During the period 1010–1200, the Chola territories stretched from the islands of the Maldives in the south to as far north as the banks of the Godavari River in Andhra Pradesh.[6] Rajaraja Chola conquered peninsular South India, annexed parts of what is now Sri Lanka and occupied the islands of the Maldives.[4] Rajendra Chola sent a victorious expedition to North India that touched the river Ganges and defeated the Pala ruler of PataliputraMahipala. He also successfully invaded kingdoms of the Malay Archipelago.[7][8] The Chola dynasty went into decline at the beginning of the 13th century with the rise of the Pandyas, who ultimately caused their downfall.[9][10][11]

You will find a fair number of foreign tourists at this temple. This is not surprising, considering its World Heritage Site tag. However, despite this, the infrastructure for tourists - domestic as well as foreign - is not upto the mark. The hotels are mostly old and of the three-star variety. The staff is courteous and helpful, and the rooms themselves were clean - in the hotel we stayed at - but not where you would want to stay back for a day and lounge in the hotel. No. These hotels are strictly utilitarian. Not luxury.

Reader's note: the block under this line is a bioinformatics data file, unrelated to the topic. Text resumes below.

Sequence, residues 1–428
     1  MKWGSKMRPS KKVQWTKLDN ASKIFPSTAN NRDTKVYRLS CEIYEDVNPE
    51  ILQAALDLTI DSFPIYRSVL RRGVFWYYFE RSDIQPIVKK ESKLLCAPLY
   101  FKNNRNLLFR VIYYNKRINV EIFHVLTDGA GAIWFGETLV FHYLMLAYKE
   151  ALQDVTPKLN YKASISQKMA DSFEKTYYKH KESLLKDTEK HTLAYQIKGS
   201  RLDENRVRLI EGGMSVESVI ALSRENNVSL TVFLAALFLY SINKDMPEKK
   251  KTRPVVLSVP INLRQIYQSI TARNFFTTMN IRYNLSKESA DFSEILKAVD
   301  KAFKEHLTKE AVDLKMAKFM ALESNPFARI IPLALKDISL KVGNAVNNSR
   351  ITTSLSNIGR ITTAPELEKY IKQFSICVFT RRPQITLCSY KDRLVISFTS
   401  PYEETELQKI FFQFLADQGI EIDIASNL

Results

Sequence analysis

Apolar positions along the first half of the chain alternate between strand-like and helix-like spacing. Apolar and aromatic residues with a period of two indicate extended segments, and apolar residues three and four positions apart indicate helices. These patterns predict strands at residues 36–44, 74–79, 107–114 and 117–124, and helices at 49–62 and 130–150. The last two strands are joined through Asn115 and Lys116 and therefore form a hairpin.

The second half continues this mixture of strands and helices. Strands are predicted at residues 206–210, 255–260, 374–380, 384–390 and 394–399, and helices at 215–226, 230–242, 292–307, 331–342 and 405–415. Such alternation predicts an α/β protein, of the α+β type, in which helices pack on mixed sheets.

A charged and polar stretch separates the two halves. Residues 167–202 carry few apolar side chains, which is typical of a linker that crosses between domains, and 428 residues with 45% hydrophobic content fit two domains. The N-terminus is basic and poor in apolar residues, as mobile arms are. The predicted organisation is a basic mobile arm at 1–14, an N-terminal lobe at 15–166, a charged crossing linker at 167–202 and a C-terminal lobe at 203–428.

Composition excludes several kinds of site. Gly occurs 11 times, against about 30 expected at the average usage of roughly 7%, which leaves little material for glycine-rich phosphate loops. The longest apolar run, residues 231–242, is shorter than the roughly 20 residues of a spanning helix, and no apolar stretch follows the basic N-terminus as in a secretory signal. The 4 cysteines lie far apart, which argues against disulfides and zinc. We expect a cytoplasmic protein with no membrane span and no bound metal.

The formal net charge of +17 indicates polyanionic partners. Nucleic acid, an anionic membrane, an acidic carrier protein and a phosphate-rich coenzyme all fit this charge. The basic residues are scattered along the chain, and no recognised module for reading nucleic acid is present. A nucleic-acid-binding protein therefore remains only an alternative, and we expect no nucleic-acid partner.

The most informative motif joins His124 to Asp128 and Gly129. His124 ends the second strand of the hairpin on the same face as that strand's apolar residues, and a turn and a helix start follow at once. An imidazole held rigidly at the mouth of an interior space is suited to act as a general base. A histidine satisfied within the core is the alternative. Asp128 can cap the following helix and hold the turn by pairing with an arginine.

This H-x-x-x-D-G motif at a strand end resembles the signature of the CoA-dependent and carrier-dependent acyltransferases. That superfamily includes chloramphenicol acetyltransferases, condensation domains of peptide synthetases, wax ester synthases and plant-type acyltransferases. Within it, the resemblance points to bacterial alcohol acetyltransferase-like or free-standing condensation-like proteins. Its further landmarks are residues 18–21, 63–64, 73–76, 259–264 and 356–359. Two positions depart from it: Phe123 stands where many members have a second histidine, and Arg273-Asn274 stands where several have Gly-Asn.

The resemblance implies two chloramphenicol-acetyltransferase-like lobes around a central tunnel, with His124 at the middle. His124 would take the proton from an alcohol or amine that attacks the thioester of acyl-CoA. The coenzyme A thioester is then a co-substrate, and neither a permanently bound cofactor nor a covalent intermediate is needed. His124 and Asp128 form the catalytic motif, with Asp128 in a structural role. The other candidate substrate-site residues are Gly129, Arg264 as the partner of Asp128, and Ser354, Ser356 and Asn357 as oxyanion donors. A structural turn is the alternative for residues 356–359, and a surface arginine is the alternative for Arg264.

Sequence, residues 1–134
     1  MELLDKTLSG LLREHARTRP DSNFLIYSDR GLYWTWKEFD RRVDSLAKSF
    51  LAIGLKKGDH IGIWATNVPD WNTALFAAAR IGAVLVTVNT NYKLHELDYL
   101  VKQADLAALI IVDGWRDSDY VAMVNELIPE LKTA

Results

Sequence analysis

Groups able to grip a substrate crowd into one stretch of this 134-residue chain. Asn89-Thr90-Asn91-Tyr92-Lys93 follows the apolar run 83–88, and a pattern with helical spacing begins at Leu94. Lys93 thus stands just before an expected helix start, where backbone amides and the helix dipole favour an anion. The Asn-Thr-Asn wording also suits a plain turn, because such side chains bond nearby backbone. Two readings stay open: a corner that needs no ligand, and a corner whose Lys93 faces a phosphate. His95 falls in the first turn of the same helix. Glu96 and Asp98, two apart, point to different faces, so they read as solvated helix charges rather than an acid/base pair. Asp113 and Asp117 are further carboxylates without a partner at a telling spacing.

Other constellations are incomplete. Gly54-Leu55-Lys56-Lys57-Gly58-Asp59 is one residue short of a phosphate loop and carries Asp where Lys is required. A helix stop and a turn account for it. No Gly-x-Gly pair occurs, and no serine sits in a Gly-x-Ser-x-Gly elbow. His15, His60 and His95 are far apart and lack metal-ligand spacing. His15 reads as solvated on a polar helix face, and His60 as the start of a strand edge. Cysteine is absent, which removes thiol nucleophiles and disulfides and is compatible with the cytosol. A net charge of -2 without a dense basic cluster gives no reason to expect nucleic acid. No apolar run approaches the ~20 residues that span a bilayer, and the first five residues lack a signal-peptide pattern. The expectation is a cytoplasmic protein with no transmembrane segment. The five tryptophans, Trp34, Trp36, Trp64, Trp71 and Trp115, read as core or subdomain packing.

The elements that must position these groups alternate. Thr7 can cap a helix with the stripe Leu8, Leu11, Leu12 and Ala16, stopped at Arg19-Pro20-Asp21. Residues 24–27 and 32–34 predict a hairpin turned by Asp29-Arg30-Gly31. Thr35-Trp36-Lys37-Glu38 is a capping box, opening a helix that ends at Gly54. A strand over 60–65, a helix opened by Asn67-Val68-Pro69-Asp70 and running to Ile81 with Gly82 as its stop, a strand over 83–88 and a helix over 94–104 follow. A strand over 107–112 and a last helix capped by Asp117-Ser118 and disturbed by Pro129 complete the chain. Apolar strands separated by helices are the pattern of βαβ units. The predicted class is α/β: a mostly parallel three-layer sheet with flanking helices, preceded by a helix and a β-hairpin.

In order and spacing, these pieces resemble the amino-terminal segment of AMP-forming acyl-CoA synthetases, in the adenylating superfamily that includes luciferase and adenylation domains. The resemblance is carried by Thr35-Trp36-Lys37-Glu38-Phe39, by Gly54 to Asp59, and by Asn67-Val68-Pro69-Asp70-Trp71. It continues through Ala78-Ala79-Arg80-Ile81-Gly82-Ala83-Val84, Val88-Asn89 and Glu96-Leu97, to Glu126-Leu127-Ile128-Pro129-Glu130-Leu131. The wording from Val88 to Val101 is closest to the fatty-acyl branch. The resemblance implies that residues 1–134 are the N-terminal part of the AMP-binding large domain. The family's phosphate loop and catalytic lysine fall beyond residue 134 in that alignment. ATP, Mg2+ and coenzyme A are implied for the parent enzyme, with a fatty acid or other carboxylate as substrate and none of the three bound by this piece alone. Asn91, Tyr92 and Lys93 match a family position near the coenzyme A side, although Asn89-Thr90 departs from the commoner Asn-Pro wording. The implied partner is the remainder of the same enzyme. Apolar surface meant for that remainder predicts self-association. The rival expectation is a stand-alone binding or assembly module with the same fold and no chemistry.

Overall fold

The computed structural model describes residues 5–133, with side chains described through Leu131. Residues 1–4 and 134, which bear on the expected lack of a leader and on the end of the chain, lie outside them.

The second is the pretty dismal state of parking facilities at the temple itself. There is but one small parking lot opposite the temple's entrance, which has one entry that also serves as the exit. It is not asphalted, and no parking slots are marked, leading to cars and other vehicles parking in a fairly haphazard manner. Furthermore, there is no guarantee that someone will not park their vehicle in a manner that makes it impossible for you to get your car out. That can happen - take a look at the parking lot to decide for yourself. These are small amenities that would make it a lot less stressful to the visitor and make it easier to take in and enjoy the magnificence of this edifice itself.

On the other hand, the road from Trichy to Tanjore - NH 67 - is now a dream to drive on (also see this post). It is four-laned, and makes the drive from Trichy a short 45 minute breeze.

© 2011, Abhinav Agarwal. All rights reserved.